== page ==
The U.S. Fish and Wildlife Service (FWS) announced yesterday that it will begin a comprehensive Endangered Species Act status review of the gray wolf in the western United States. The announcement follows the agency’s review of two petitions—filed in June and July—that presented “substantial, credible information” that may warrant action.
The petitions focus on the relisting of certain geographic populations rather than the species as a whole. The first petition supports listing populations in Montana, Idaho, Wyoming, the eastern one-third of Washington and Oregon, and a small portion of north-central Utah. Both petitions also propose listing populations in California, Colorado, Nevada, and—in one petition—part of Arizona.
“We are hopeful this decision marks the first step toward righting the gray wolf’s path,” said Jonathan Proctor, Rockies and Plains program director at Defenders of Wildlife. “However, given the many new anti-wolf laws proliferating across the Northern Rockies, this lengthy review could allow untold damage on these populations. The gray wolf needs relisting on an emergency basis.”
Wolves now face a series of new laws across many western states designed to devastate their populations. In April 2021, four short-sighted, unsustainable anti-wolf bills were signed into law in Montana. This action ignored science and threw away decades of conservation efforts. These laws allow hunters and trappers to kill 10 wolves with a single license (doubling the previous allowance of 5), reimburse hunters and trappers for killing wolves, allow trappers to use cruel strangulation neck snares, extend the wolf-trapping season, allow baiting statewide and authorize night-time hunting on private lands.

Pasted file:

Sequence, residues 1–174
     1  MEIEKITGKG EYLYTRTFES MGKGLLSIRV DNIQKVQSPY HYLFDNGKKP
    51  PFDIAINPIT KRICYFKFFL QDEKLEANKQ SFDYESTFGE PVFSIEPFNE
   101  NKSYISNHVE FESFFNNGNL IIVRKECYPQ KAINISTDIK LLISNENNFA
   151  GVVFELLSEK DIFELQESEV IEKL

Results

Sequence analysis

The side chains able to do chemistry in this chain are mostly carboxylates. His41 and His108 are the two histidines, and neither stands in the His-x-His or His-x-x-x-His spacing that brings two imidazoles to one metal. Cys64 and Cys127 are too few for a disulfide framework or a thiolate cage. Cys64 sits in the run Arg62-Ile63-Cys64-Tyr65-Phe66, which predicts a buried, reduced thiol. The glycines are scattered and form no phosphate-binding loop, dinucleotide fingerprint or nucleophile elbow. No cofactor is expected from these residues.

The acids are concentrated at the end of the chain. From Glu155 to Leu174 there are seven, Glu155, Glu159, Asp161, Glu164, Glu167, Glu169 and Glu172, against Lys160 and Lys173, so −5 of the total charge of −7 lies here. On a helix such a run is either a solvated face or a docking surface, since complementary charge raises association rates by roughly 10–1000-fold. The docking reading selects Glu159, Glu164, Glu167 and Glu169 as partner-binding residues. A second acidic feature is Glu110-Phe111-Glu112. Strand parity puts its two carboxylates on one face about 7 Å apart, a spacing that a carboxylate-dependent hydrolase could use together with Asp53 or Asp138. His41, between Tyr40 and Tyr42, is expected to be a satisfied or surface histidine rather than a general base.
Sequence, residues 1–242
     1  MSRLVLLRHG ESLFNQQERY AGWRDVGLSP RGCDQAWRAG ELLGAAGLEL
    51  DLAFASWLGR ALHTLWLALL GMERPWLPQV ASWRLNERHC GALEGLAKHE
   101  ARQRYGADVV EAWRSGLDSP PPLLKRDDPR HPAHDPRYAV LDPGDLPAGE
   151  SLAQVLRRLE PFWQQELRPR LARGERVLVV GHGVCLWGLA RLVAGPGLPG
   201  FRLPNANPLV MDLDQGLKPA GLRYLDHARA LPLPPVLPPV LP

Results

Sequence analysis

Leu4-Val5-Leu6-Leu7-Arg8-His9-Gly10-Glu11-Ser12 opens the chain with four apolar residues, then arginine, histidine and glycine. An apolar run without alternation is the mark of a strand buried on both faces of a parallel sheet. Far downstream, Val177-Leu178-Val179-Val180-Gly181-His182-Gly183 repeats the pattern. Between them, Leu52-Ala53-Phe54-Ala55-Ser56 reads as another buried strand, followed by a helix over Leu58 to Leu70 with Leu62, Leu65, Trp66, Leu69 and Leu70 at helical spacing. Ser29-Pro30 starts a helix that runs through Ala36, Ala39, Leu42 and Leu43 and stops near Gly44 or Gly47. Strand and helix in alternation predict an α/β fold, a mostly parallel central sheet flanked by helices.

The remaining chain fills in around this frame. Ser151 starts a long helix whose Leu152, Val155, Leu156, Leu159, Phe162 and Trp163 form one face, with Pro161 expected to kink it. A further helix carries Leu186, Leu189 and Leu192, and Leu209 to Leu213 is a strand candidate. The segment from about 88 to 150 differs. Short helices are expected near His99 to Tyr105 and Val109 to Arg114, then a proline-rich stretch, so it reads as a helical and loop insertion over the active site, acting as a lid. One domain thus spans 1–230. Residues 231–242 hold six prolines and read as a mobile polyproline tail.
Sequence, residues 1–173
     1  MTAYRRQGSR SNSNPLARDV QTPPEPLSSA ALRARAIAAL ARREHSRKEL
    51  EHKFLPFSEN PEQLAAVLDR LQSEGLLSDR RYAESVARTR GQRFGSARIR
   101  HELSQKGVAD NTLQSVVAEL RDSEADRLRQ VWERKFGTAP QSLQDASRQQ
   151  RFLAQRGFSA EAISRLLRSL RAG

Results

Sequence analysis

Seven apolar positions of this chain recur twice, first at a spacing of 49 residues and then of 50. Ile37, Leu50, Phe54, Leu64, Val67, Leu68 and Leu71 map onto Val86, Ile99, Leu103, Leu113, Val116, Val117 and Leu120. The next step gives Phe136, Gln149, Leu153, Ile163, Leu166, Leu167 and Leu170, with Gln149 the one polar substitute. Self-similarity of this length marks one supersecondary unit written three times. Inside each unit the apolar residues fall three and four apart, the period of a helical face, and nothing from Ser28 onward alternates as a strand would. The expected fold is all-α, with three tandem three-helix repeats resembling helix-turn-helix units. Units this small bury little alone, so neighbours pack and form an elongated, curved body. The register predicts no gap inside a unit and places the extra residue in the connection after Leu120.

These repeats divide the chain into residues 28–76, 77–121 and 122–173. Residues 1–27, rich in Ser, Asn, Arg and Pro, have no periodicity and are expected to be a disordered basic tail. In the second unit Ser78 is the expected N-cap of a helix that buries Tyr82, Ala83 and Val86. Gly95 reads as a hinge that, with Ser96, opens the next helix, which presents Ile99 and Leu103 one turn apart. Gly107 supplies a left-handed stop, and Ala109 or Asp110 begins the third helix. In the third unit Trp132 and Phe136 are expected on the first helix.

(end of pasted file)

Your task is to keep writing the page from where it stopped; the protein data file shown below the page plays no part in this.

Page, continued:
Idaho’s leaders have a long history of taking some of the most extreme and destructive approaches against gray wolves in the country. This year they took it even further, by passing a law sanctioning the killings of up to 90% of the state’s gray wolves, as well as allowing the hunting of all wild canids through the use of baiting, snaring, night hunting, and aerial gunning.
The upcoming Federal Register notice will serve as the 90-day finding for both petitions. The FWS will then undertake an in-depth status review and come to a 12-month finding on whether listing is warranted.
“I’m incredibly disturbed by how quickly the situation has devolved. We’re watching decades of progress evaporate before our eyes. The states have made it clear that relisting is the only way to ensure the long-term and sustainable recovery of gray wolves in the western United States,” said Proctor.